Monday, July 7, 2014
JohnnyTwoToes is pleasantly surprised with this big-budget remake!
The Great Gatsby is really a timeless story. Whether in the early decades of the twentieth century or in the early decades of twenty-first century, it is a story of how money and power alters one's vision of reality. As a fan of the 1974 version with Robert Redford in the title role, I was kind of dreading Baz Luhrmann's vision of F.Scott Fitzgerald's novel. I did not think they could remake this without trashing the story with modern visuals (something Luhrmann is known for) and making the story hip to sell of few tickets instead of just holding to Fitzgerald's original intent. Let's face Luhrmann's films are either loved or hated. Still, as remakes go the new version that is now out on video is actually a pretty good one. I was pleasantly surprised.
Leonardo DiCaprio is Jay Gatsby, a flamboyantly wealthy young man that does not have much of a past to speak of but has taken up residency next to a World War I vet, Nick Carraway on Long Island, New York. Overlooking the vast water that separates the island from the mainland, Nick has settled into a modest home and has a modest job as a banker. He is quiet, a bit shy and seeks the quieter life. That is until Jay Gatsby buys the mansion next door. Gatsby with his extravagant lifestyle, peaks Carraway's curiosity and the two men become good friends. Nick seems to be entranced by the lavish parties and all of the opulence that Gatsby has but for Gatsby it is a means to an end. Her name is Daisy (Carey Mulligan). Gatsby has set his sights on Daisy and Daisy seems smitten with Gatsby. But Daisy is married to a boorish lout, named Tom. Tom is a schmuck, no doubt. But is he that dumb to not suspect what is going on with his wife and Gatsby? Nick, at first, is nothing more than an observer of the behaviors of these strange people. As the story progresses, Gatsby's infatuation with Daisy becomes almost too obvious and the conflict begins to head towards a tragic end. Nick by film's end. is as emotionally involved as Gatsby. The bigger they come the harder they fall. Gatsby falls hard.
The Great Gatsby is not a perfect film, but Luhrmann has made an interesting one where the characters all seem to have a lot more going on in their minds than they say and that is especially true of Tom, played beautifully by Joel Edgerton. He is crude, callous and one begins to wonder what Daisy ever saw in him. How can she not fall in love with the handsome and dashing Jay Gatsby? Luhrmann and Craig Pearce's script dances around each character's thoughts that are never expressed but, yet I began to see by their actions what was going on in their minds. The film is viewed primarily through Nick's eyes and he has come back from the war seeking the quiet life but when he meets Gatsby, a whole new world opens up to him and Nick starts to think that, maybe, this could be him one day. The right connections....one thing leads to another...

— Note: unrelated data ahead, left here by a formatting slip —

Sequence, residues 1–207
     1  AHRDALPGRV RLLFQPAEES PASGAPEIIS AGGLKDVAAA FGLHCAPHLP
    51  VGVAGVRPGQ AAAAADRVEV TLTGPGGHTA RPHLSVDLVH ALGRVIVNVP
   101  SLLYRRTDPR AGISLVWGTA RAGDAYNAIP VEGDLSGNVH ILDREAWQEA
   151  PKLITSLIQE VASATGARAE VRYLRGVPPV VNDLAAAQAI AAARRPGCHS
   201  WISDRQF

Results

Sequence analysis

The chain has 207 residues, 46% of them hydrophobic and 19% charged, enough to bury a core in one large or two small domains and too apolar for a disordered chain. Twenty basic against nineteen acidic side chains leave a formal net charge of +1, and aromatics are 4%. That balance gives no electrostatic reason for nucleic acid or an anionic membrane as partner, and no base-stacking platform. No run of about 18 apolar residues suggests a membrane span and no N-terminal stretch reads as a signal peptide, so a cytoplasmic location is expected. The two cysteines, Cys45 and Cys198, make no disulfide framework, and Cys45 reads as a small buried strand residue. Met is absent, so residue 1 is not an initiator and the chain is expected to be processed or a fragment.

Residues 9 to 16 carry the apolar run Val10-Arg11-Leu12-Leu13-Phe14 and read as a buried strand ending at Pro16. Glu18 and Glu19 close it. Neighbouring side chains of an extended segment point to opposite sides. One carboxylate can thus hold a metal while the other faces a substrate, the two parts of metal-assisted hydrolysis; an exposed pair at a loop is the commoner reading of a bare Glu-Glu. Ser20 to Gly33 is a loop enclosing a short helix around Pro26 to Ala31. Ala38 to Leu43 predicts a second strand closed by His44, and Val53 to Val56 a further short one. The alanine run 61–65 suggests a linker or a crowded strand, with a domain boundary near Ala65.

The casting of this film is flawless. Leonard DiCaprio is on a winning streak and he has distinguished himself as a Hollywood legend in the making. His performance as Gatsby is terrific as he balances his money and power with madness and a desire to possess Daisy at all costs. Carey Mulligan is simply radiant as Daisy. She is a frail thing that can't seem to make up her mind as to what she wants. Toby Maguire is perfect as Nick. He starts out in the film as a mousy kind of a fellow but invests all of his emotion into the goings on at the Gatsby estate. He invests too much. The remainder of the cast is rock solid with Adeliade Clemens as Catherine, Daisy's dearest friend, Isla Fisher is perfect as the emotionally wrecked Myrtle Wilson and Jason Clarke is her brooding gas station attendant husband, George.
The Great Gatsby is stuffed with wall to wall production, elaborately produced and full of lush colors, lavish costumes and sets. This is Luhrmann's strength but it is not the only thing going on. The acting is flawless and the script is smart. It lets the audience make up their own minds as to how the characters react and I have to say that is not something you see in films today. Today, films seem to want to describe EVERYTHING and nothing is required of the viewer. The only problem I had with this version is that is tends to sputter in spots. I also felt the modern day music that seems to be peppered throughout the film was a little garish. The score by Craig Armstrong is terrific and it could have been more prevalent throughout the film. The score is worth purchasing on its own and the song, "Young and Beautiful" is heart wrenching and is also worth purchasing as a single download. Still, The Great Gatsby is a solid film, well produced, acted, written and directed. This remake is a pleasant surprise. The Great Gatsby-*** out of 4